The hope is that Rudolph can stay healthy in 2014 and become a favorite target for whoever is throwing passes for the Vikings. One thing Rudolph has already proved is that he is one of the better red-zone targets in the league.
Cornerback Xavier Rhodes was the second of three first-round picks the Minnesota Vikings had in the 2013 draft.
Selected for his size and physicality, Rhodes was Minnesota's answer at cornerback in a division filled with great wide receivers.
Rhodes, like many rookies, struggled early on in 2013 and had trouble adjusting to the Vikings' zone schemes in pass defense.
Once given the opportunity to play press coverage and lock down a single receiver, Rhodes flourished and gave hope to Vikings fans that they'll finally have a cornerback who can make some plays against the pass.
Rhodes was the Vikings best defensive back in the second half of the season before missing the last three games of the season with an ankle sprain. Rhodes didn't have an interception in his rookie season, but he led the Vikings with 10 passes defended, picking up seven of them in two games on the road, at Green Bay and at Baltimore.
The future looks bright for Rhodes, and he can become the key piece in a Vikings pass defense that hasn't seen a defensive back pick off as many as five passes in eight seasons, since Darren Sharper had nine thefts in 2005.
Kevin Williams took over the right defensive tackle spot for the Minnesota Vikings from Chris Hovan in 2004, and Minnesota hasn't had to worry about that spot since.
Six pro bowls later, and Williams is a free agent who's going to be 34 years old when the 2014 season opens.
All good things must end, and it's probable that Williams' time in Minnesota has come to an end. There's still a possibility that Williams decides to take a pay cut and finish up his career with the Vikings under new head coach Mike Zimmer, but that remains to be seen.
It's time for a new era for the Vikings at the defensive tackle position, and it's time for Sharrif Floyd to step into the starting lineup.
The Vikings were thrilled to see Floyd drop to them with the 23rd pick in the first round of last year's draft. Many had ranked Floyd as the top defensive tackle prospect in the draft. With Williams around, Floyd didn't see quite as many snaps as some other rookie defensive tackles, but he appeared to be getting better as the season wound down.
At 6'3", 305 pounds, the Vikings would probably like to see Floyd put on a little weight and get a little stronger to be more of a force against the run in the middle of their defensive line. Floyd is very athletic for his position, but he certainly needed a year of learning the ropes under Williams.
The Vikings defense needs to be drastically better in 2014 and beyond for the team to be a contender again, and they'll need Floyd to play up to his draft potential for that to happen.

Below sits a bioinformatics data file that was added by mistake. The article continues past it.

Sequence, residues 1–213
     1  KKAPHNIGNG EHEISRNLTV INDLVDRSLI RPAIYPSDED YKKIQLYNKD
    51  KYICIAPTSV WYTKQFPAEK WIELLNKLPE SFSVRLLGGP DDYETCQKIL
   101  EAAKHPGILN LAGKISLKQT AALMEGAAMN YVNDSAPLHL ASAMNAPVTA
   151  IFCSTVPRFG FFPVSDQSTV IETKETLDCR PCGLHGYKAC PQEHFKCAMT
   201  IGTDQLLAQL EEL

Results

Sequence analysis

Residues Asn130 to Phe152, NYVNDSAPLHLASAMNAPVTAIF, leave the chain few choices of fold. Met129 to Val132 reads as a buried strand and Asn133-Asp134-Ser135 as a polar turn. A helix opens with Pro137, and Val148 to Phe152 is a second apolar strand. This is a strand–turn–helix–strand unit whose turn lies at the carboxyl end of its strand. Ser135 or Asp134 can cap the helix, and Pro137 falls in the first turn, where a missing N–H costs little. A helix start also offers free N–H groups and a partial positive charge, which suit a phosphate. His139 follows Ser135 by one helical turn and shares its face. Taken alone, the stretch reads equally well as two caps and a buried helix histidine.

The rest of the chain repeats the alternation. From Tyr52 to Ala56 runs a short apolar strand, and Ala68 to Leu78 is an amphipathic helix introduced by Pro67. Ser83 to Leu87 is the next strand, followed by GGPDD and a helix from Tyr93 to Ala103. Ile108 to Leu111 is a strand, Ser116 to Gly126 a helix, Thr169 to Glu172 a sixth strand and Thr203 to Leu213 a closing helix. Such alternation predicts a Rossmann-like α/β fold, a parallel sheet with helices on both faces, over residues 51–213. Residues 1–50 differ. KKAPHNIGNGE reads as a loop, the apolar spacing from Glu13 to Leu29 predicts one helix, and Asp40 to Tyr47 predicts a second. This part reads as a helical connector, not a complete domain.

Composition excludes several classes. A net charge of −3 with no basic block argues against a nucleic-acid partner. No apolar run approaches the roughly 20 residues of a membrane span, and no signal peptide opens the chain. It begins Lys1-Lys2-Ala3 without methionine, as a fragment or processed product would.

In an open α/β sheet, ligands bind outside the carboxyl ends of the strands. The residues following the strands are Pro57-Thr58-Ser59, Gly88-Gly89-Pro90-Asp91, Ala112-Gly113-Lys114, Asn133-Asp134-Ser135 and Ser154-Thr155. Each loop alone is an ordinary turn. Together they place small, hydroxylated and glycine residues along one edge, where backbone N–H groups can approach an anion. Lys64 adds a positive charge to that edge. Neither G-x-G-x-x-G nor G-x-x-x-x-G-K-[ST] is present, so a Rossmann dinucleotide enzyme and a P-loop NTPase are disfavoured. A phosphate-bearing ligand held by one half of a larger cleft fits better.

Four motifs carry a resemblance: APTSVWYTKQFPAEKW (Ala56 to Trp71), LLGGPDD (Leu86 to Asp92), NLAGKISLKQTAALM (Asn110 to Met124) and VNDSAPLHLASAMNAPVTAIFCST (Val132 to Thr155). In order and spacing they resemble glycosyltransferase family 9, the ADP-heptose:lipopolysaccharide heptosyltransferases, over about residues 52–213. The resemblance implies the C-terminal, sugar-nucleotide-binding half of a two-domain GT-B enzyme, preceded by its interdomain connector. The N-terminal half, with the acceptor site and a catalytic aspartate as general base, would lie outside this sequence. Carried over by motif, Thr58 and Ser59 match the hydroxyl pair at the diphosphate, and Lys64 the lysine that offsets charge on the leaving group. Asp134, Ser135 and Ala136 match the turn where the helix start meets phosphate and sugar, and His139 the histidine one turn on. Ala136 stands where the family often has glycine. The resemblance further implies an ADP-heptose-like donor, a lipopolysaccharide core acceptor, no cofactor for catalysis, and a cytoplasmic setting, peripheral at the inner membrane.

Mike Zimmer is an old-school football guy who likes his defense to play an aggressive, attacking style.
He's going to love free safety Harrison Smith.
Smith missed the second half of the 2013 season with a turf toe injury, and the Vikings defense suffered. In just his second season, Smith had firmly established himself as one of the leaders on the Vikings defense, with his hard-hitting, aggressive style.
Smith has intercepted five passes in his first 24 career games, which doesn't seem like a ton, but in a Vikings secondary where picks are almost non-existent, it's a lofty number.
Smith has a high football IQ and a no-nonsense quality to his game that Zimmer and his staff will love. He's certainly had some growing pains in his first year-and-a-half, but he seems to learn from his mistakes and become a better player through them.
The Vikings have a fine leader for their defensive backfield in Smith, and he'll be like a coach on the field for Zimmer and his staff. Look for Smith to get better and his numbers to get bigger over the next few seasons.
The clock is ticking on the career of Adrian Peterson.
Already in the argument for the greatest Minnesota Viking of all time, the truth is that as Peterson heads towards his 29th birthday in March, there's a chance that his best days are already behind him.
Although it wouldn't surprise anyone if Peterson made another run towards 2,000 yards in 2014 or even in 2015, he's now seven years in to a career that's been built on both giving out and taking punishment.
Everyone loves Peterson for his reckless abandon and his unwillingness to ever give an inch or to go down without a fight, but that abandon will eventually take it's toll.
Yes, Peterson is a workout warrior who treats every offseason as a chance to get stronger and faster, and that may serve him well as he approaches his 30s. Peterson's work ethic and will are like few we've ever seen before, so if anyone can defy the odds against aging running backs, it's him.